In the case of employing the above composite fiber reinforced plastic strand for armoring a cable, however, conventional separate steps of producing the uncured strands and armoring the cable therewith impair the storage stability of the uncured thermosetting resin and degrade the physical properties of the composite fiber reinforced plastic strands. This is attributable to an offset or disorder of the arrangement of the reinforcing fibers in the step of winding them on a drum or bobbin.

In Japanese Patent Publication No. 139872/89 filed in the name of the assignee of this application there is disclosed a special thermosetting resin composition of a long pot life for improving the storage stability of the uncured thermosetting resin. However, a fiber reinforced plastic strand formed of the resin of the composition proposed in the above-noted Japanese Publication also suffers lowered strength which is caused by aging of the resin, and its strength after curing may sometimes be inferior to that in the case where a thermosetting resin of a typical composition containing a styrene monomer as a crosslinking component is used and is cured immediately after being impregnated into fibers. Moreover, the problem of offset or disorder of the arrangement of the reinforcing fibers still remains unsolved.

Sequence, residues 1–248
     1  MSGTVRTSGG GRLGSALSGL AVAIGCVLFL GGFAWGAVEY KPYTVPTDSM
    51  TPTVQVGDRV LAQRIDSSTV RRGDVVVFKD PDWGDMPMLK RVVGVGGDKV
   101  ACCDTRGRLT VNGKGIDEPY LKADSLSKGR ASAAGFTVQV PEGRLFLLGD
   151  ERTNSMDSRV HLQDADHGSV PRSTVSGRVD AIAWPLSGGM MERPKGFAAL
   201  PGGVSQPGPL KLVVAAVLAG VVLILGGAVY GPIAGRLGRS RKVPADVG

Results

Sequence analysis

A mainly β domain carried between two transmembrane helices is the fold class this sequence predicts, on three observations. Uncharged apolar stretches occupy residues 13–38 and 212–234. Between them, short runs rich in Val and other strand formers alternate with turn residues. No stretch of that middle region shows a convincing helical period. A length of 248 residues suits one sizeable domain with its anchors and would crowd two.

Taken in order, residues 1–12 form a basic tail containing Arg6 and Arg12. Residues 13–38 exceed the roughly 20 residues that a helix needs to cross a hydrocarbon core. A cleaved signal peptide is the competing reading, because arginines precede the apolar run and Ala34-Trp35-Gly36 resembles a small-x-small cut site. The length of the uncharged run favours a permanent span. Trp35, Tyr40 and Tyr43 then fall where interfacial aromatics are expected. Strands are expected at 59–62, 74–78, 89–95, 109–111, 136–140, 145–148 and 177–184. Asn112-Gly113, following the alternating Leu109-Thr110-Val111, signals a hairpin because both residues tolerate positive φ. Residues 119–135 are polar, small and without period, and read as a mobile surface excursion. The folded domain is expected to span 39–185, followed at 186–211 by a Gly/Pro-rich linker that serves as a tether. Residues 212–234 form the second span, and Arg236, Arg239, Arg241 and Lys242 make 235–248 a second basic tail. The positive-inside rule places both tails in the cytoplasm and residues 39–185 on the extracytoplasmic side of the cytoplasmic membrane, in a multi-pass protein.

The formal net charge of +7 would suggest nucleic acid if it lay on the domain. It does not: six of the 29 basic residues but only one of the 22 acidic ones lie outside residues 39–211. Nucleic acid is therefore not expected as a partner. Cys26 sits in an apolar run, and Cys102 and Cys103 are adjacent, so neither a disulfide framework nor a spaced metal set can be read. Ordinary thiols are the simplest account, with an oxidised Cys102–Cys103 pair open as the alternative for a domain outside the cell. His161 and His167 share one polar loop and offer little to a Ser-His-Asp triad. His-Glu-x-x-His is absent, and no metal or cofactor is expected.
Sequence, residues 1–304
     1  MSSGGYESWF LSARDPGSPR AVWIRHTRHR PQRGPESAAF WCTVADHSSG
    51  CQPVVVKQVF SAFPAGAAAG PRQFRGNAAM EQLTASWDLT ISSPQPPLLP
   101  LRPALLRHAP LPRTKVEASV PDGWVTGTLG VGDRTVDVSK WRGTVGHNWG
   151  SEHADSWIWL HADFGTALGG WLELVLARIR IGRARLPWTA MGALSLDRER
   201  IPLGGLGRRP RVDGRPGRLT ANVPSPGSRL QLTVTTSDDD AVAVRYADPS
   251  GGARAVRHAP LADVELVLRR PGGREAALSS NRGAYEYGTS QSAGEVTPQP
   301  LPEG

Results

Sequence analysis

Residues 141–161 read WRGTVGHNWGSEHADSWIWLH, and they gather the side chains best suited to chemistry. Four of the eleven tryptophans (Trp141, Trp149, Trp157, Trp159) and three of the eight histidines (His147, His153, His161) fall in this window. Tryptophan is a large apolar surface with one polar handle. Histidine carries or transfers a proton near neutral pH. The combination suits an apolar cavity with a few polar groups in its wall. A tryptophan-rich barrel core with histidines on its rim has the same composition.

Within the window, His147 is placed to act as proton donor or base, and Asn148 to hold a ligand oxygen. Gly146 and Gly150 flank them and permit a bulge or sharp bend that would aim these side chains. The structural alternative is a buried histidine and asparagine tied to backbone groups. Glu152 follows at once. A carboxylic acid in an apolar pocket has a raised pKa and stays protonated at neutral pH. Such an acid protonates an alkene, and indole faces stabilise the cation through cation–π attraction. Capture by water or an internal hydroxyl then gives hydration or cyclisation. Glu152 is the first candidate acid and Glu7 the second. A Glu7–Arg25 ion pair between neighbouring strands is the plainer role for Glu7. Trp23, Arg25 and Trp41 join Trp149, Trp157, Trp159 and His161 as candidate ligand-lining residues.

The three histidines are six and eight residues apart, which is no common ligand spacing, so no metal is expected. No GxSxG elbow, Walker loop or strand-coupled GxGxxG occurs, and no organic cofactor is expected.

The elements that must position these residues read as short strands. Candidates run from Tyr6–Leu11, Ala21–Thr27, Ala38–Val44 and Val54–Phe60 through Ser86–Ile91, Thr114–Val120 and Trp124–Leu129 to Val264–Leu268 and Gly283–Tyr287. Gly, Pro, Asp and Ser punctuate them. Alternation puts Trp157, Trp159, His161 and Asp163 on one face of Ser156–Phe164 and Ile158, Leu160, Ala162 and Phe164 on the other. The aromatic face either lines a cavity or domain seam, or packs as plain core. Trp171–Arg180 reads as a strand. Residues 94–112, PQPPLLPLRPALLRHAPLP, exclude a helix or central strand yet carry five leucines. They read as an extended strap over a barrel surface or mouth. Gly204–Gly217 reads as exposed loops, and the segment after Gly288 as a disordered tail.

In the fabrication of optical fiber cables, in particular, it is necessary to insert optical fibers into helical grooves of the spacer. This calls for rotating the optical fibers wound on bobbins or the like, or rotating the spacer about its longitudinal axis. In this instance, however, the facility for rotating the bobbins inevitably becomes larger in size with an increase in the length of the cable. In addition, in the case of armoring the thus obtained cable with the fiber reinforced plastic strands, it is necessary to rotate the drum with the strands wound thereon or the cable itself. At any rate, the strands which are long and wound on the drum must be supplied therefrom, and the conventional manufacturing method inevitably necessitates the use of complicated and bulky apparatus.

SUMMARY OF THE INVENTION

It is therefore an object of the present invention to provide a method for the manufacture of a fiber reinforced plastic armored cable which has sufficient strength, obviates the problems of degraded storage stability of uncured resin and an offset or disorder of the arrangement of reinforcing fibers and permits simplification of its manufacturing process.

Another object of the present invention is to provide a fiber reinforced plastic armored cable manufacturing method which permits fabrication of an optical fiber cable with simplified equipment.